Mike Chattertons commissioned report is attached, which is well worth a read. I refer to it frequently in my reports and on the site as it contains substantial evidential content from rank and file officers and SMT’s alike, none of which contradicts the views mentioned here.
Chatterton opens the report by identifying the detrimental effects of the sanctions detection regime and the excessively rigid and bureaucratic approach to targets and performance management. A combination of these is having a pernicious and perverse effect on police operations.

• diverting police priorities from serious crime to chasing minor offences;
• criminalising members of the public who are not criminals in the accepted sense;
• giving the public a false sense of security that serious crime is being detected with increasing effectiveness by the police;
• undermining the discretion necessary for the impartial discharge of the office of constable.

To quote Mike Chatterton … “There is no change in Government and senior police management policy which is at once more urgent and important than this”.

"Those in possession of absolute power can not only prophesy and make their prophecies come true, but they can also lie and make their lies come true".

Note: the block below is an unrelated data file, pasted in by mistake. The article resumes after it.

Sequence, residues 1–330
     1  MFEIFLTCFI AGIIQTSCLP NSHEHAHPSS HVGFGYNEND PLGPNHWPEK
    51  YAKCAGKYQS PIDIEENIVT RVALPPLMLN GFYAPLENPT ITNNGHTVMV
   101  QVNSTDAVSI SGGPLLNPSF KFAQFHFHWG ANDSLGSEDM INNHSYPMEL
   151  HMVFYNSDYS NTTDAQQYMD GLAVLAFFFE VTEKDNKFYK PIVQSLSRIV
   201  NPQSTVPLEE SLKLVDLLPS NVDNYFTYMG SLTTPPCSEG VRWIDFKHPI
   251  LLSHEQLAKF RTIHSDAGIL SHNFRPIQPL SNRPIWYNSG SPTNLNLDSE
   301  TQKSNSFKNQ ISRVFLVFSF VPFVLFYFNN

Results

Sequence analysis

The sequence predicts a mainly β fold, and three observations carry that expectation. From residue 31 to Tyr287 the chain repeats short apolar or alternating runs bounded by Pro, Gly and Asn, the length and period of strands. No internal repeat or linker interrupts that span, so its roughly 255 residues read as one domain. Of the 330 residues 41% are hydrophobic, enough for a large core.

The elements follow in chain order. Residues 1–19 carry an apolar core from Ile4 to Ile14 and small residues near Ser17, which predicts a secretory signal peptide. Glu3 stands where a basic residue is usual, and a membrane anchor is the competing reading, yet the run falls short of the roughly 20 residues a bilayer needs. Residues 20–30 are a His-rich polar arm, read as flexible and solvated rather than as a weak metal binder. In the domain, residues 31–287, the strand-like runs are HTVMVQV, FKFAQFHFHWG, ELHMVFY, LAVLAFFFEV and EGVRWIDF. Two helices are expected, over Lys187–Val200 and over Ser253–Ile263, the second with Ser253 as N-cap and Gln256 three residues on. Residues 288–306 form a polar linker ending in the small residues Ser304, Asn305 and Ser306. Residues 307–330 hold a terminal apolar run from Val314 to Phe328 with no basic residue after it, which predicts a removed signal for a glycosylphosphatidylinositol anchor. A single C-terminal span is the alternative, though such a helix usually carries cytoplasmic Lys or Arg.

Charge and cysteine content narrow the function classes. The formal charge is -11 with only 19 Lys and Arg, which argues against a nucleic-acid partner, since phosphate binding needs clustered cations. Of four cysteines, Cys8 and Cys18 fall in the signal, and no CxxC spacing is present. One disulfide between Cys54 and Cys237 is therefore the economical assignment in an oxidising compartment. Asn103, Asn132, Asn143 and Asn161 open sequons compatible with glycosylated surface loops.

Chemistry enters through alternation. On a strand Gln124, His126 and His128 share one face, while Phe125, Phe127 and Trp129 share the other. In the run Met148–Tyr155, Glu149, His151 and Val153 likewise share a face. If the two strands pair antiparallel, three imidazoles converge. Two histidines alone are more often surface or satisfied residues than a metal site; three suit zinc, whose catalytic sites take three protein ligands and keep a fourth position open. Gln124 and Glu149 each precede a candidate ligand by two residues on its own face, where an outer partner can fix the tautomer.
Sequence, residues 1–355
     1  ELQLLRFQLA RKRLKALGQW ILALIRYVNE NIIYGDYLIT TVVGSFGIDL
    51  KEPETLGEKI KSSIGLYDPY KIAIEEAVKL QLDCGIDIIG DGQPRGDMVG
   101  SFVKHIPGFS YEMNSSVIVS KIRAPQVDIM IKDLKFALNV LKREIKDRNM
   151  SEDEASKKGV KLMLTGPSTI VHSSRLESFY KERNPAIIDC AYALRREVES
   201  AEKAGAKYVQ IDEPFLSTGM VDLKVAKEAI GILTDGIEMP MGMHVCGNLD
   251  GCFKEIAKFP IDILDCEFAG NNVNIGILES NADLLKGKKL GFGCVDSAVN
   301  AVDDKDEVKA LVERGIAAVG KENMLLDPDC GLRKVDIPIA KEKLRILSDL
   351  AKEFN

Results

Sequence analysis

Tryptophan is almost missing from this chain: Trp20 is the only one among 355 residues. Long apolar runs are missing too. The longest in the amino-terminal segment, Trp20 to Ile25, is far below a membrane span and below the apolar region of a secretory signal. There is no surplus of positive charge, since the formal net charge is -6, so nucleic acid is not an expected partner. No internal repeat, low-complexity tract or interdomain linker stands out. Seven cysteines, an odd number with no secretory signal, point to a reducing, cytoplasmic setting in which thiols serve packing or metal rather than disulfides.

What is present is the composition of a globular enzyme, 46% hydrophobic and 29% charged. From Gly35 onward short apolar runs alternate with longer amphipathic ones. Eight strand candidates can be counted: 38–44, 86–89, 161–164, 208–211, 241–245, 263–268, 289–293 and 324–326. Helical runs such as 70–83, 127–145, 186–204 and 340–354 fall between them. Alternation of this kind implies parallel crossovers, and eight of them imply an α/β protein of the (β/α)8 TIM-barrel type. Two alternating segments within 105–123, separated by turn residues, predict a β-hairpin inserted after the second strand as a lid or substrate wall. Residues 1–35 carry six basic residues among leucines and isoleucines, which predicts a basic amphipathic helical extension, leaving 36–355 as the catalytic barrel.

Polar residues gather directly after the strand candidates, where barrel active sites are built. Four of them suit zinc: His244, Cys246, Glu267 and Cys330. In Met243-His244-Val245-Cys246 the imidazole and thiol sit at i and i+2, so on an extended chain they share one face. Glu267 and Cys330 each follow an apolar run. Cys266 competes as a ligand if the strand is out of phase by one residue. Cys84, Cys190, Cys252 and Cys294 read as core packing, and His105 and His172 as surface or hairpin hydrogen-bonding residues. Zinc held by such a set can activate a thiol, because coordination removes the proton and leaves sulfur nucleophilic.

Eric Hoffer (1902-1983) American philosopher and author


Noble Cause Corruption said...

Nice post. It reminds me of a story about a group of officers in a northern force facing what the unProfessional Standards Department described as the biggest TIC corruption enquiry ever in that particular force. However, it became a minor misconduct matter when myself and a couple of detective friends printed off a list of several hundred TIC crimes which had been approved for detection by the two senior officer investigators.

How we chuckled at their discomfort knowing that should they provide the evidence to convict these officers of something, they would effectively be convicting themselves of the same offences.

Threats came and went over disclosure of the material to them but as we did not believe that the evidence we had amounted to a criminal offence, we were not obliged to. Subsequently, it became privileged material.

Noble Cause Corruption is alive and well.